The Cohort is Poynter's bi-monthly newsletter about women kicking ass in digital media.
Over the long Thanksgiving weekend, I caught up on several post-election podcasts. Nearly all of the conversations veered towards self-care. From Another Round’s Heben Nigatu and Bim Adewunmi to Call Your Girlfriend’s Ann Friedman and Aminatou Sow, the women I listened to checked in with each other and offered up their go-tos for feeling good.
They talked about things like buying a bold new shade of lipstick, getting a deep-tissue massage or taking a long bubble bath. They’re things that, admittedly, might seem a bit superficial or selfish. It’s clear that self-care is important to your mental and physical well-being, but is a facial really going to achieve that?
When I became a manager, I thought it was important to be the last person to leave the office after my teammates, or to at least apologize and explain why I was leaving “early” if I headed out the door before the last person. Before long, my hours spent in the office crept up. So did the stress. I never felt fully recharged day in and out. I didn’t think about putting myself first, or what that would even look like.
“Lean In” was published around that time, and I discovered an anecdote that’s stuck with me for years. In describing his leadership style, Colin Powell explains the importance of recharging outside of work:
“When it was necessary to get a job done, I expected my subordinates to work around the clock. When that was not necessary, I wanted them to work normal hours, go home at a decent time, play with the kids, enjoy family and friends, read a novel, clear their heads, daydream, and refresh themselves. I wanted them to have a life outside of the office. I am paying them for the quality of their work, not for the hours they work. That kind of environment has always produced the best results for me.”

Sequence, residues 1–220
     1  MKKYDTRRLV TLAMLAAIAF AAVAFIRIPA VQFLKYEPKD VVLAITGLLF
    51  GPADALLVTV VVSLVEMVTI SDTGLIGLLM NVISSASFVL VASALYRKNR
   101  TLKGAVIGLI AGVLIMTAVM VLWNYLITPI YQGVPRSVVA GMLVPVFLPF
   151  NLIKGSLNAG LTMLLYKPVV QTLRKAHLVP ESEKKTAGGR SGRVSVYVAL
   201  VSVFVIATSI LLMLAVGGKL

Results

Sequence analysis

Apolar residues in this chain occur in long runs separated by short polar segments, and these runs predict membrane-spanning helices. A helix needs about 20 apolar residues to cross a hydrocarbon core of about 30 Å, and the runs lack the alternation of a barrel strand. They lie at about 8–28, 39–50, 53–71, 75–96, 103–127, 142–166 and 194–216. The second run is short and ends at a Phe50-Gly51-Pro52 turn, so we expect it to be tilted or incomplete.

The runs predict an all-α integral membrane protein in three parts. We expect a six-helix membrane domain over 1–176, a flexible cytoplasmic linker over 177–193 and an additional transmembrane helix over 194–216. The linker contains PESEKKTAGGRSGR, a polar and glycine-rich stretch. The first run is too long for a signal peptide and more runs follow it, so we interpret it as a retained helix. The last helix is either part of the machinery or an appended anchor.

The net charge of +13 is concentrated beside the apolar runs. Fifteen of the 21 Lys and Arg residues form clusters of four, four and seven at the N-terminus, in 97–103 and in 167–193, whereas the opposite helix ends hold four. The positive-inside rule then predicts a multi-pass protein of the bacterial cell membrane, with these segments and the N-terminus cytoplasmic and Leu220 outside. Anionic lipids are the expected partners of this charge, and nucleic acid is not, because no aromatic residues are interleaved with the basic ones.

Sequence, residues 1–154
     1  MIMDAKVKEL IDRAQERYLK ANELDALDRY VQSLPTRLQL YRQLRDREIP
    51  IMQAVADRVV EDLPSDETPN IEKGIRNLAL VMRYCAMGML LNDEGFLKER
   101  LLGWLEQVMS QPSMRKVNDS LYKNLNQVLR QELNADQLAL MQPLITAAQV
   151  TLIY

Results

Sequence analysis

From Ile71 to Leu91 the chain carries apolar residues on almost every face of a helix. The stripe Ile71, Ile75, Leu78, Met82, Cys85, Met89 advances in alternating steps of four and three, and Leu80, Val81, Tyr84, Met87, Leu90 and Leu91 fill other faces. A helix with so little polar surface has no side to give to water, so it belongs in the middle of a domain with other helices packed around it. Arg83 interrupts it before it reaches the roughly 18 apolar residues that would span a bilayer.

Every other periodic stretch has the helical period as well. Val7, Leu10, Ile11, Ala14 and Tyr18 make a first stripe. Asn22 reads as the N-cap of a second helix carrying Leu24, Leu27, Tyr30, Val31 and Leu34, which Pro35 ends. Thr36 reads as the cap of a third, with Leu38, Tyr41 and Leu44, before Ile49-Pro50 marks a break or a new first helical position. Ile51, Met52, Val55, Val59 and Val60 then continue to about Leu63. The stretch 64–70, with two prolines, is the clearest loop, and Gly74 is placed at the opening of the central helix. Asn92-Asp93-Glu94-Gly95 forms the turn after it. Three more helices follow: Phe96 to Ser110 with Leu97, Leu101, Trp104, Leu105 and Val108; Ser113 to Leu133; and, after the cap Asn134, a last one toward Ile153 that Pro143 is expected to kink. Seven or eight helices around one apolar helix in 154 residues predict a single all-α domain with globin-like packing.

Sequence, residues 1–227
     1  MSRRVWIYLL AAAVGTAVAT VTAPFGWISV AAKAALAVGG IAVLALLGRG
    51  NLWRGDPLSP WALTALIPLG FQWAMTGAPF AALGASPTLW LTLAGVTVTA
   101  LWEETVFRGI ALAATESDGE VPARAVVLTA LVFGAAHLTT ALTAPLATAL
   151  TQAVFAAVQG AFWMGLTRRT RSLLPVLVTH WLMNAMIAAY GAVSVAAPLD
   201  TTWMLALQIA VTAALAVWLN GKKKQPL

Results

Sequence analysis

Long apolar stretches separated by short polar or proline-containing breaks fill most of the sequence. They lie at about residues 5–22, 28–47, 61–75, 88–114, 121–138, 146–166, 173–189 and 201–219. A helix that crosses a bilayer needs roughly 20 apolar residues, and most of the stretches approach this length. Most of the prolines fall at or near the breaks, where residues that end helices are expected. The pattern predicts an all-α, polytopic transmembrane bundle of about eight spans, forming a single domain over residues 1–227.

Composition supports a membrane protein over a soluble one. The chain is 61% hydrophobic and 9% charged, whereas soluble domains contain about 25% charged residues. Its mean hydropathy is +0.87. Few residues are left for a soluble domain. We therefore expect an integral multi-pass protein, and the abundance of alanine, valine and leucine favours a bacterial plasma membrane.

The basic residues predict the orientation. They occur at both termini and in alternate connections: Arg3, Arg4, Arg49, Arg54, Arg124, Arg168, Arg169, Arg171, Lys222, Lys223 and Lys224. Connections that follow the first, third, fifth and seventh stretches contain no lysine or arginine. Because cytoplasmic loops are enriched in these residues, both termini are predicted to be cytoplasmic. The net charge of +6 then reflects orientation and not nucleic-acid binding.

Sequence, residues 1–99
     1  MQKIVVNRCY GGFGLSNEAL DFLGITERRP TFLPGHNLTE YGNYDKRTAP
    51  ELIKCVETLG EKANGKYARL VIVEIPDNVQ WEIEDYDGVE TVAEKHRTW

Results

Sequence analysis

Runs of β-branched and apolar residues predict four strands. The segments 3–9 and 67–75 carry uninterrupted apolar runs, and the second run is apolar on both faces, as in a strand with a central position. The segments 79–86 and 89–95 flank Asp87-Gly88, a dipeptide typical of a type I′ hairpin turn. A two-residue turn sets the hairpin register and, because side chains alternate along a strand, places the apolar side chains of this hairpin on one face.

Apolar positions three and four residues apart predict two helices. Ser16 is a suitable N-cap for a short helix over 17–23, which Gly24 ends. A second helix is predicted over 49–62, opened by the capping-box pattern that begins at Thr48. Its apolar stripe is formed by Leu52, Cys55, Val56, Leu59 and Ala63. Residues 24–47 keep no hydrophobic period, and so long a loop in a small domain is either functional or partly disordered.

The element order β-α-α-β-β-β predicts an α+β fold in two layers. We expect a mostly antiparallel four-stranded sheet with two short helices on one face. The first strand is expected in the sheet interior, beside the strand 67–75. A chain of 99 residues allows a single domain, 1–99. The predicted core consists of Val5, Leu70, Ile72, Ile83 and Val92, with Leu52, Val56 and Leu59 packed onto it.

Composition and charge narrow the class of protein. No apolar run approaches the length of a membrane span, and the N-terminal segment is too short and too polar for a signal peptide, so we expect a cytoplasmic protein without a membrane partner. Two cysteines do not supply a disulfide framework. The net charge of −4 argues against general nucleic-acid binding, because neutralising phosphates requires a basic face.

I read that passage over and over. And after months of wearing myself down and watching my team also suffer from stress, it finally hit me: Taking care of yourself makes you better able to lead. From then on, I worked hard to leave at normal hours when possible and encouraged my team to do the same. I began to identify less with work and found more joy from evenings spent crafting and catching up with girlfriends. I started arriving to work recharged and became a better boss in the process.
It doesn’t matter whether your self-care is buying lipstick, exercising or binge-watching Netflix. If it makes you feel good, you should DO IT. Plus, in a prime example of the patriarchal double standard (frustrating as it may be) there’s evidence that taking care of yourself pays off: Women who dress nicely, style their hair and wear makeup earn more money. Turns out Donna from “Parks and Rec” was onto something.
Every person’s version of self-care is different, and I could always do a better job of my own. But I thought I’d share what’s working for me lately, along with links to resources in case you want to take some of these ideas for a test drive. (If you do, let me know! I’d love to hear your self-care stories.)